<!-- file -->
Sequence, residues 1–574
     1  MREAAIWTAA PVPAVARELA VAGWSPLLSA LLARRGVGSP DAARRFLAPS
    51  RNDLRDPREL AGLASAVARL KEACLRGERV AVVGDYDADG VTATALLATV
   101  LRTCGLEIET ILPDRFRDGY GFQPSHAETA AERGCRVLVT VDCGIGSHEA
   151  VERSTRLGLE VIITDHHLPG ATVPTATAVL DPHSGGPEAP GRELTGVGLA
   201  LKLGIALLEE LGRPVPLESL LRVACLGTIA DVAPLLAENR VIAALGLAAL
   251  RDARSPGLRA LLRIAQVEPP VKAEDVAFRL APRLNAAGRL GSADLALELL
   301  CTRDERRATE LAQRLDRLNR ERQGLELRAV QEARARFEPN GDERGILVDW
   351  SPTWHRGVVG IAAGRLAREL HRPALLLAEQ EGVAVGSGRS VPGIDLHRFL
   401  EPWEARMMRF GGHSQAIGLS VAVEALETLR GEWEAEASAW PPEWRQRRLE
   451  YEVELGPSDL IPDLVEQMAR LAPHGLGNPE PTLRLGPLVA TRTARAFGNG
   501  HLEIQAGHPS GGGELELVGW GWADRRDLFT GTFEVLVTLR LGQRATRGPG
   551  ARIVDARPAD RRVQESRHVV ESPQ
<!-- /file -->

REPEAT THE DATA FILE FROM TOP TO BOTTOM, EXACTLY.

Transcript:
Sequence, residues 1–574
     1  MREAAIWTAA PVPAVARELA VAGWSPLLSA LLARRGVGSP DAARRFLAPS
    51  RNDLRDPREL AGLASAVARL KEACLRGERV AVVGDYDADG VTATALLATV
   101  LRTCGLEIET ILPDRFRDGY GFQPSHAETA AERGCRVLVT VDCGIGSHEA
   151  VERSTRLGLE VIITDHHLPG ATVPTATAVL DPHSGGPEAP GRELTGVGLA
   201  LKLGIALLEE LGRPVPLESL LRVACLGTIA DVAPLLAENR VIAALGLAAL
   251  RDARSPGLRA LLRIAQVEPP VKAEDVAFRL APRLNAAGRL GSADLALELL
   301  CTRDERRATE LAQRLDRLNR ERQGLELRAV QEARARFEPN GDERGILVDW
   351  SPTWHRGVVG IAAGRLAREL HRPALLLAEQ EGVAVGSGRS VPGIDLHRFL
   401  EPWEARMMRF GGHSQAIGLS VAVEALETLR GEWEAEASAW PPEWRQRRLE
   451  YEVELGPSDL IPDLVEQMAR LAPHGLGNPE PTLRLGPLVA TRTARAFGNG
   501  HLEIQAGHPS GGGELELVGW GWADRRDLFT GTFEVLVTLR LGQRATRGPG
   551  ARIVDARPAD RRVQESRHVV ESPQ